I’m a Mac guy. If you’ve read more than two posts on this site, you know that I’m a tried-and-try Apple fanboy. However, I recently had a need that Apple just couldn’t meet. And guess what? Microsoft was there for me.
Here’s the deal. As a writer, I work with a LOT of document files, and these are spread across three different machines. I have my home iMac with all my freelance work and old research files; my work iMac with all my day-job files; and my PowerBook which is sometimes used for personal freelance and sometimes used for regular work documents. I needed a way to at least access—at best sync—my documents and other miscellaneous files across these three machines. Plus, I needed a way to quickly and easily sync files between any of my three computers and my wife’s laptop without having to use email attachments all the time.
Take 1: MobileMe
My first attempt was Apple’s MobileMe service. With a $100 MobileMe account, I got several online services to play with, including 20gb of online storage through Apple’s iDisk. It mounts to my Macs and PCs and just looks like a normal attached hard drive. However, there’s no way to use MobileMe or iDisk to sync files across multiple machines, and I did not want to keep all my important files in the cloud, to the exclusion of my local boxes. Plus, iDisk uploads are extremely slow—especially the first sync of a large folder with many files. While I enjoy other MobileMe features, this wasn’t the answer for the sync issue.
Take 2: Dropbox
The second attempt was with the spectacular Dropbox service. This was MUCH closer to what I needed. With Dropbox, you set up a new folder (with subfolders) on your local machines. Then, any files you put in your “Dropbox” locally is automatically synced across all your other computers running the Dropbox client. This is awesome. Plus, a copy of all of these files is stored on Dropbox’s online service, so you can access your files online from anywhere through their website. This useful functionality includes a limit, however. A 2gb limit, in fact. Because of the online storage space, you can only have 2gb of files in your Dropbox, unless you want to pay $100 a year for a 50gb account. I had already dropped $100 on MobileMe, so I decided to keep looking.
Take 3: Microsoft Foldershare
Last, I came across Microsoft’s Foldershare service. This is pretty much just like Dropbox, but it does not sync any file to the cloud. Instead, it only syncs peer-to-peer. So, once you set up your shared folders on each of your computers, any file you put in there will automatically be synced to your other boxes. However, with no online storage, there is no limit to the size or amount of files that are synced. Best of all, the rock-solid service is totally free! We have a winner!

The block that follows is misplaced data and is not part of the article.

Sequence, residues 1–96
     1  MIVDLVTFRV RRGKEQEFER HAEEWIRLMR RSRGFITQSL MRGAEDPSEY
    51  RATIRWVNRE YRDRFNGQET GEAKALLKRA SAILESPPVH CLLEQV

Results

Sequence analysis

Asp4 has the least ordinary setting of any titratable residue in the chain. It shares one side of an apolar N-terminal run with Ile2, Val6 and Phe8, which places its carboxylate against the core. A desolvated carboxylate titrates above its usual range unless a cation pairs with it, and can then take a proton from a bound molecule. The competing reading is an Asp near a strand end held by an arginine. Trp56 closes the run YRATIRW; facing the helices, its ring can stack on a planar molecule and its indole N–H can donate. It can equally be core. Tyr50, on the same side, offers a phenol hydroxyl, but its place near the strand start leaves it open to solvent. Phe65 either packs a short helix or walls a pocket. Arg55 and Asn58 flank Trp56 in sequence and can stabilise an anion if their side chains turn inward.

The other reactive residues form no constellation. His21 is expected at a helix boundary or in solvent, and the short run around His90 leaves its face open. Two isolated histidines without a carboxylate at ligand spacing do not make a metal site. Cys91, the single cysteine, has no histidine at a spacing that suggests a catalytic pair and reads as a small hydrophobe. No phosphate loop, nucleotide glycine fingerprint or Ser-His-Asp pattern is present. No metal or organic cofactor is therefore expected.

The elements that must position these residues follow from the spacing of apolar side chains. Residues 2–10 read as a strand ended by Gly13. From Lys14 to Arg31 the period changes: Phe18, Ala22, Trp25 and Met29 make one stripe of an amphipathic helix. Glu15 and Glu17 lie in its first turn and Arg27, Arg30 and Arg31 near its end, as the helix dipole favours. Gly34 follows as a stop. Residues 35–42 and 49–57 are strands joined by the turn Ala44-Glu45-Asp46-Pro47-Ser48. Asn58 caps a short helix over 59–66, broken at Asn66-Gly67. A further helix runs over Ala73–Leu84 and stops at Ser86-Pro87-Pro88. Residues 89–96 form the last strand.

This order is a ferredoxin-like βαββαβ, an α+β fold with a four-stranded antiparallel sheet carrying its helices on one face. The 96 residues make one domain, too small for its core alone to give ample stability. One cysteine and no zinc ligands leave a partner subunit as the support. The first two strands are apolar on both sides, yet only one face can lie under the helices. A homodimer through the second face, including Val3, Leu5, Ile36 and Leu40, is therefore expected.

So, I’ve now set my entire Documents folder on my home iMac to sync with my PowerBook. That means I can start a freelance article at home on a Saturday morning, save the file as normal, and walk away. Later that afternoon, I can open up my laptop at a Barnes and Noble and pick right up where I left off—with no setup, syncing, emailing, thumb drives, or anything. It’s just there in my laptop’s Documents folder, as though that’s where it was created. Later that night, when I’m back at home and ready to create the invoice and submit the article to my editor, I can sit down at my desk and automatically have everything right there in my desktop’s Documents folder. Once I had everything set up, I didn’t have to think about it at all anymore.
You could do this with any type of file. Some people use it to sync their photos across multiple machines, just like I do with documents. (I would love to do that, but I can’t figure out a way to make it sync the weird iPhoto archive.) Windows columnist Paul Thurrott even uses it to sync his entire music collection (20gb) across all of his machines. Brilliant!
If you’re looking for a great syncing solution for docs, photos, music, and more, you should definitely check out Dropbox and Foldershare. Both are great and have been trouble-free. Foldershare wins for me because it’s totally free and has no file-size limit. If that’s not an issue for you, you really can’t go wrong with either service.